• · His interpreter and protégé Chief John Ross, the descendant of several generations of Cherokee women and Scots fur-traders, built a plantation and operated a trading firm and a ferry at Ross' Landing (Chattanooga Tennessee). During this period, divisions arose between the acculturated elite and the great majority of Cherokee, who clung to traditional ways of life.

Ross House
County:Walker
City:Rossville
Type:Home

Built before the start of the 19th century by John McDonald, a Scottish trader of wandering loyalty, the Ross House is the oldest remaining structure in Northwest Georgia. McDonald was one of a group of Scot traders that mingled easily with the Cherokee. At various times he claimed loyalty to France, Spain, England and the United States.

He moved to Cherokee country from Charleston, South Carolina by way of Fort Loudon, near Knoxville, where he met his wife, a mixed blood Cherokee named Anne Shorey. They had one daughter, Mollie. McDonald saved a young man, Daniel Ross, from certain death at the hands of Bloody Fellow, a Chickamauga Cherokee. Within a year Ross married Mollie and moved to Turkeytown where John Ross was born.

McDonald began to build a home on the Cherokee Trading Path near Poplar Spring, probably in 1797. When Mollie Ross died in 1808, her 18 year-old son John Ross moved to the home with his grandfather John McDonald. Ross had received much of his formal education in the home, along with the sons of other Cherokee and countrymen, whites who had been accepted into the Cherokee Nation.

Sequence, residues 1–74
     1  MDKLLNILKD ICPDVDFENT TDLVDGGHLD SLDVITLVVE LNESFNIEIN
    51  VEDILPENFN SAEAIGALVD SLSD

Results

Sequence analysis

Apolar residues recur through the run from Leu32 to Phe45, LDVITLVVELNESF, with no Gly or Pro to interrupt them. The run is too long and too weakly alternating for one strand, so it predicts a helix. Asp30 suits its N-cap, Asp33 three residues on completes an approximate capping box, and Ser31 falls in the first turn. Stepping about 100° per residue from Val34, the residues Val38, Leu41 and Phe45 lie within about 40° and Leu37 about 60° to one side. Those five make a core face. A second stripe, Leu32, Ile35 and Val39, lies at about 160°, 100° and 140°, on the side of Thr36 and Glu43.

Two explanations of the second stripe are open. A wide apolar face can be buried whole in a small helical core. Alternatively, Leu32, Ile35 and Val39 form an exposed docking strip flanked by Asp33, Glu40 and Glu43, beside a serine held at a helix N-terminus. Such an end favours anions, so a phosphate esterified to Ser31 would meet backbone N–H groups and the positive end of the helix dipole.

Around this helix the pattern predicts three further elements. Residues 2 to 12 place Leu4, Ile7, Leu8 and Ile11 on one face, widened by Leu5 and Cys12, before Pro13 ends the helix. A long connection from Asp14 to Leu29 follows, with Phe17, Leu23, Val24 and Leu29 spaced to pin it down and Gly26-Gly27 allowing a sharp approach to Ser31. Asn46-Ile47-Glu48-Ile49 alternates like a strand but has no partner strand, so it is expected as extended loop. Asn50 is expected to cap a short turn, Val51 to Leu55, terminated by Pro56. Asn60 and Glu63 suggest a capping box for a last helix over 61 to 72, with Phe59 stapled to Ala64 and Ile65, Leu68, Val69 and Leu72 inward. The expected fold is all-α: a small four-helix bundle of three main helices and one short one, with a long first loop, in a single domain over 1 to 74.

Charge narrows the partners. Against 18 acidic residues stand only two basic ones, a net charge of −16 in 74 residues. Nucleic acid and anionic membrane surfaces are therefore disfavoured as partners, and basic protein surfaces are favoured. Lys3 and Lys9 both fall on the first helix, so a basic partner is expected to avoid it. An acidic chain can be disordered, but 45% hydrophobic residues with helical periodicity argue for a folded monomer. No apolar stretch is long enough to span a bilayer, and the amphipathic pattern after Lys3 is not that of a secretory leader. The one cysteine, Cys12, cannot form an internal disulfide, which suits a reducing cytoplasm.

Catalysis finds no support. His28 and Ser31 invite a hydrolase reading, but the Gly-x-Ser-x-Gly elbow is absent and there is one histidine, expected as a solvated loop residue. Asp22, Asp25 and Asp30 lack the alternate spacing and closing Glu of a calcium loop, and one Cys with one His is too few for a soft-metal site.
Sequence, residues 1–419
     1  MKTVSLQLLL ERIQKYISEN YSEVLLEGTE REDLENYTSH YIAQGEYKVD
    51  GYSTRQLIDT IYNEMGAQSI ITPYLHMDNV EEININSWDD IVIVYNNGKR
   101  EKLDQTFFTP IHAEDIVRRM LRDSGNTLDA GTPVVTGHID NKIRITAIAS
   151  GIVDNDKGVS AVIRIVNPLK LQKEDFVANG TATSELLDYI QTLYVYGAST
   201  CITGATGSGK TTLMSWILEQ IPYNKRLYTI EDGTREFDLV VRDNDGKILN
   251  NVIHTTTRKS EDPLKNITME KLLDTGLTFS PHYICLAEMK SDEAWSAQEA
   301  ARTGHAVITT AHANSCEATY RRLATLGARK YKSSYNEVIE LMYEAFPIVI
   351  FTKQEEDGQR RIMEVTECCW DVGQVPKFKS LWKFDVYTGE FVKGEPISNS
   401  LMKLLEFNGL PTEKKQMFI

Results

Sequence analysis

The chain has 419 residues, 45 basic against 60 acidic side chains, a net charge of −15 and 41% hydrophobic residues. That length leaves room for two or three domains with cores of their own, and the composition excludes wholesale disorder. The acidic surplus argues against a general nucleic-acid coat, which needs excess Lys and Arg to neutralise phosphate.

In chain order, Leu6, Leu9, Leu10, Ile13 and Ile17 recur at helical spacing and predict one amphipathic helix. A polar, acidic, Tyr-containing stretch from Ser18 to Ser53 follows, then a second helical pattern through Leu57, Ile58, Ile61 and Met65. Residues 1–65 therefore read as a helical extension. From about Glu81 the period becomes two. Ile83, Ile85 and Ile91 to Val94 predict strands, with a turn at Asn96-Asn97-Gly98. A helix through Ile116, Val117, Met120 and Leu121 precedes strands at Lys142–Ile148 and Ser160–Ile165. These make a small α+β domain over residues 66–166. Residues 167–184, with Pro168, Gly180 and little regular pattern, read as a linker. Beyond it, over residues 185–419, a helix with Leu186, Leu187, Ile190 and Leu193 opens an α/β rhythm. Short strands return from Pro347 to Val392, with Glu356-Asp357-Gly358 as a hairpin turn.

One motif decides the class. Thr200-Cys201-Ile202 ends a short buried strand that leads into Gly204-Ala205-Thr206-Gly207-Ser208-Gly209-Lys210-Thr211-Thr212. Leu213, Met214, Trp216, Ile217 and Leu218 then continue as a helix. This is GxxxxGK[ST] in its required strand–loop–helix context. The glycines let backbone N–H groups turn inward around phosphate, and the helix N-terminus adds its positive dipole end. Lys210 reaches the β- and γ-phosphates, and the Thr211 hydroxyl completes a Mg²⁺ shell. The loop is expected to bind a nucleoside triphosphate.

The home served as post office, country store, schoolhouse, and council room during the period that Ross lived in it. Starting in the early 1820's Ross began to spend more time at Head of Coosa, the Cherokee town at the confluence of the Etowah and Oostanaula Rivers, where Ross owned a ferry and additional property (now Rome, Georgia). In 1827 he sold the home to a relative.

John Ross, Cherokee Chief
Gary Moulton's book on John Ross is the source for much of the information that appears in this article. Buy the book

At what point the home became known as the Ross House is unclear, but it probably was shortly after John's arrival in 1808. Poplar Springs became known as Rossville by 1813 and young John founded the town of Ross's Landing about that time. Today Ross's Landing is known as Chattanooga, Tennessee. The Tennessee Aquarium is located near the site of the original landing.